Avoda Zara 16 - 22
Whatever Your Heart Desires
Rebbi said, “A person learns Torah only from a place that his heart desires.”
In the gemara, a seemingly identical statement is made by Rava: “A person should always learn Torah in a place where his heart desires.” Both teachings are based on a verse in Tehillim (1:2) that states, “But his desire is in the Torah of
Question: Are Rebbi and Rava in fact expressing the same idea? This would seem unlikely: the gemara would be teaching a redundancy, which is something we would not expect to find in Shas. And are we able to clarify this idea, or these ideas, in a more concrete and practical manner?
First let us examine the context of Rebbi’s statement. The Sages Levi and Rabbi Shimon the son of Rebbi were sitting in front of Rebbi and learning the meaning of certain verses in Tanach from him. When they finished the sefer they were learning, they each made differing requests regarding what sefer to learn next. Levi said he wanted to learn Mishlei, and Rabbi Shimon the son of Rebbi asked for Tehillim. Somehow, Levi was overruled, and Sefer Tehillim was brought for them to learn. When they reached the second verse — “But his desire is in the Torah of
The Maharsha explains that the statements of Rebbi and Rava are in fact emphasizing two different aspects of what a student needs in order for his Torah study to produce the greatest fruits. Rebbi emphasizes the importance of studying the masechet and sefer that the student desires. This is what Rebbi conveys with his choice of wording: mi’makom, from the place in the Torah that the student desires. This was illustrated in the gemara’s story about Rebbi, that involved his students Levi and Rabbi Shimon his son. Rava, on the other hand, selects the word ba’makom, meaning “in the place that the student desires”. This, the Maharsha explains, refers to the importance of a student of Torah to choose a teacher whom he feels will be best suited to teach him, and from whom he will learn Torah in an optimal manner. This reference to “in a place” might also mean going to another city or changing to another yeshiva in order to find the best Rabbi to learn from. Both teachings, Rebbi’s and Rava’s, are true and complementary.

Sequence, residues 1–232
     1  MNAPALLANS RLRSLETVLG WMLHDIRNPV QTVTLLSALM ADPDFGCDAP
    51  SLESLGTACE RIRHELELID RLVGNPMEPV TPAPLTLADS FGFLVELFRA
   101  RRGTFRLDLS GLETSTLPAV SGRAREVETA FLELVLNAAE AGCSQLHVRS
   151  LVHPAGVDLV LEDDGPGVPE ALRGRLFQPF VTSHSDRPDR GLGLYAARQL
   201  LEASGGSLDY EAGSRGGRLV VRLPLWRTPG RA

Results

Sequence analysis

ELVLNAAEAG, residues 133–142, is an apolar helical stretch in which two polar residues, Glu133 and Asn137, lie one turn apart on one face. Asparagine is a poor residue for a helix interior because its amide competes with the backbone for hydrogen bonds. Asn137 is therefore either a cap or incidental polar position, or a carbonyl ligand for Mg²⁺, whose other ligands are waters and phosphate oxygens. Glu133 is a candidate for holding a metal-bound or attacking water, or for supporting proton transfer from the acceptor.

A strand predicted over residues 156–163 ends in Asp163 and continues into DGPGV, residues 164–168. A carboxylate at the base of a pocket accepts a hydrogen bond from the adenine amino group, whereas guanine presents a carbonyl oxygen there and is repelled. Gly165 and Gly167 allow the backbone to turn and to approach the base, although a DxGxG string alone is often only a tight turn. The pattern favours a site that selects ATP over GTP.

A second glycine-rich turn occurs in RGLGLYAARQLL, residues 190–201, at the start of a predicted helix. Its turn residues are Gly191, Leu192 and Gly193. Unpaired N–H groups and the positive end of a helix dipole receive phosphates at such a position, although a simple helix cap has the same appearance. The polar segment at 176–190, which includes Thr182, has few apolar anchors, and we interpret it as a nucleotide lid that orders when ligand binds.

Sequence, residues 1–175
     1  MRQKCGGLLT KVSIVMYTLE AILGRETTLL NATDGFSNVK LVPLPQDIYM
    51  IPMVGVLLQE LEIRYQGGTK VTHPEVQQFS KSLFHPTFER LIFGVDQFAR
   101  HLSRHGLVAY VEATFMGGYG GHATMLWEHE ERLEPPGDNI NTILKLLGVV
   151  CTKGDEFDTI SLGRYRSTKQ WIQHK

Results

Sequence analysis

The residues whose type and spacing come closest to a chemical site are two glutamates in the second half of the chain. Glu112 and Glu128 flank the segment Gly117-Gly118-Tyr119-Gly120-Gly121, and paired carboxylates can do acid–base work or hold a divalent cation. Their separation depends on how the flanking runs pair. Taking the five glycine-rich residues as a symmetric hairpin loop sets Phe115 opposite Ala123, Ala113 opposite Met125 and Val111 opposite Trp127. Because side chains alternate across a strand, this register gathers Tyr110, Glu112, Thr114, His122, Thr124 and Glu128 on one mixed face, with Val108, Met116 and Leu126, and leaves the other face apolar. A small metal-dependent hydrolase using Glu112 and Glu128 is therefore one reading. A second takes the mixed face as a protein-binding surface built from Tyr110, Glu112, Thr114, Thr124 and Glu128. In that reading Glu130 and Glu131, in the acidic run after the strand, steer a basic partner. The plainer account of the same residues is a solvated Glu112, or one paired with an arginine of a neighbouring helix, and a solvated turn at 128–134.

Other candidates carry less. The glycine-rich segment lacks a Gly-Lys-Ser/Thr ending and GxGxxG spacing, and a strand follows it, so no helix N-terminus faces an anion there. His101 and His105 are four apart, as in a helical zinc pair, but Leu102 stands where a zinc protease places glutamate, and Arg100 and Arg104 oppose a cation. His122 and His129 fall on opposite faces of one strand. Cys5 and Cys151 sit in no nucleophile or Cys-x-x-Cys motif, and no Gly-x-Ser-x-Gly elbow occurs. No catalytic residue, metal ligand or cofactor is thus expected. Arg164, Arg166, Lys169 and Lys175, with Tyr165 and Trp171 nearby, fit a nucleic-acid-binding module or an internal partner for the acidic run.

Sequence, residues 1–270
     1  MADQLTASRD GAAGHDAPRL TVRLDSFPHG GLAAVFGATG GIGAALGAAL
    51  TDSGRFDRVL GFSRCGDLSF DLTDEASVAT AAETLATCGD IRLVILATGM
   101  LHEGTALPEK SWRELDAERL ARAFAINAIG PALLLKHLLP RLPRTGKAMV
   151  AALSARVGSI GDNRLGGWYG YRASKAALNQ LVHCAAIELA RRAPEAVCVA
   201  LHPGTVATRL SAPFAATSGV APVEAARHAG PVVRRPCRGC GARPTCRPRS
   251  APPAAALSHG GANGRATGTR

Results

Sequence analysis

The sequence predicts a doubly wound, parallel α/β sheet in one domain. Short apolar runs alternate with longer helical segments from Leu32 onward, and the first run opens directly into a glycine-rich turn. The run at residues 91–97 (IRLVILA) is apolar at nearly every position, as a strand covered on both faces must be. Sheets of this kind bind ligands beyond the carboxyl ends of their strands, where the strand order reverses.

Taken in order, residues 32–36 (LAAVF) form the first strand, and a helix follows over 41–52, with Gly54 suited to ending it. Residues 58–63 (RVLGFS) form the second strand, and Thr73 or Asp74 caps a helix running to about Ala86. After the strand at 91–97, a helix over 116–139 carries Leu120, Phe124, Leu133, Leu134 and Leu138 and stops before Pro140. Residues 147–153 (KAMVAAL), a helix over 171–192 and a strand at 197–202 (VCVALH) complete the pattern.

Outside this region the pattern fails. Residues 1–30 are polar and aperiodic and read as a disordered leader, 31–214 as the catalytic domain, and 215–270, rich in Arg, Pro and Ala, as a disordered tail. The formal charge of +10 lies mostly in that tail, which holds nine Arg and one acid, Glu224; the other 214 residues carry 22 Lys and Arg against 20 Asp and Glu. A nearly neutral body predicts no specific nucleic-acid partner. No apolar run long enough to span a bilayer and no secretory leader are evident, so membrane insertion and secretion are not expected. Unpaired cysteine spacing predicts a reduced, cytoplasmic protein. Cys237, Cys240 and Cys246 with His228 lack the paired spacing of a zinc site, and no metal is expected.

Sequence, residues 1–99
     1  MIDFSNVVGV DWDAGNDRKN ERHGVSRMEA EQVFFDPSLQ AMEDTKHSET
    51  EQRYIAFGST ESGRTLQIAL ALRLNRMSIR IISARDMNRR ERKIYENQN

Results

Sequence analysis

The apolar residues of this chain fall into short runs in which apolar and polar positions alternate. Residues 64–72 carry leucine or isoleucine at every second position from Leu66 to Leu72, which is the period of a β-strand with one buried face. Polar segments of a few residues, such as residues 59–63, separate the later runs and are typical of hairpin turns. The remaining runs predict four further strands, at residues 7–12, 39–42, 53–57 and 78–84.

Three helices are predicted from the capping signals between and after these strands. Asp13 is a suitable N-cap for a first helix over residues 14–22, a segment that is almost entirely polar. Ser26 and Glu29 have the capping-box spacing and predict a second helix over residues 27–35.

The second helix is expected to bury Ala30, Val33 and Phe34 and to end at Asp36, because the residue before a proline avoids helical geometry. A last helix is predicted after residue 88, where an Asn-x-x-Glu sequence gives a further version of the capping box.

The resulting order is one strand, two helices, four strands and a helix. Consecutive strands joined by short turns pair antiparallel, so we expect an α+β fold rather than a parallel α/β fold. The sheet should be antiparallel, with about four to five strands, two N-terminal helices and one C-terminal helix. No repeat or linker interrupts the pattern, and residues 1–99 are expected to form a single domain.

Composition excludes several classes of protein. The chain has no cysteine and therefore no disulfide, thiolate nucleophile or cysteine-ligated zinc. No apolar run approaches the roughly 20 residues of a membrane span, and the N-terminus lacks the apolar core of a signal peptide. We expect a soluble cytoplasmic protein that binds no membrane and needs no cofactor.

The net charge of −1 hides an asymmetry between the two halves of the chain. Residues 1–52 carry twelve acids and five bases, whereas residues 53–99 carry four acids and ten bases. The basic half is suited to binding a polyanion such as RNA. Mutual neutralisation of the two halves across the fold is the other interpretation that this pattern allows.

I personally recall being told the principle taught in our sugya in the form of a practical response to a question I asked Rav Moshe Shapiro some 45 years ago. I was a student in his kollel at the time, and it was on the final day of the zman. As we travelled together to Bayit Vegan, after the final shiur until the next zman, I asked him, “Why do the bein hazmanim (intercession) periods in a yeshiva or kollel constitute more days per year than a person would normally receive as days off if he were working at a typical job?” His reply to me at the time was that these days are an opportunity to learn parts of the Torah, commentaries and Torah sefarim “k’fi sh’libo chafetz” — according to the desire of each person’s heart. During the zman there is a strict regimen of what is studied at each hour of the day, generally being the same subjects for all of the students. But part of the year is left for the Torah student to leave his home, go to a beit midrash and study “that which his heart desires”. The practical decision of how to do this in an optimum manner, however, should be made with the guidance of a Rav — and Rav Shapiro guided me carefully at the time. And although the underlying goal in every case is to learn that which “one’s heart desires,” the exact path to achieving this goal will almost certainly vary from student to student, and from one time to the next.
- Avoda Zara 19a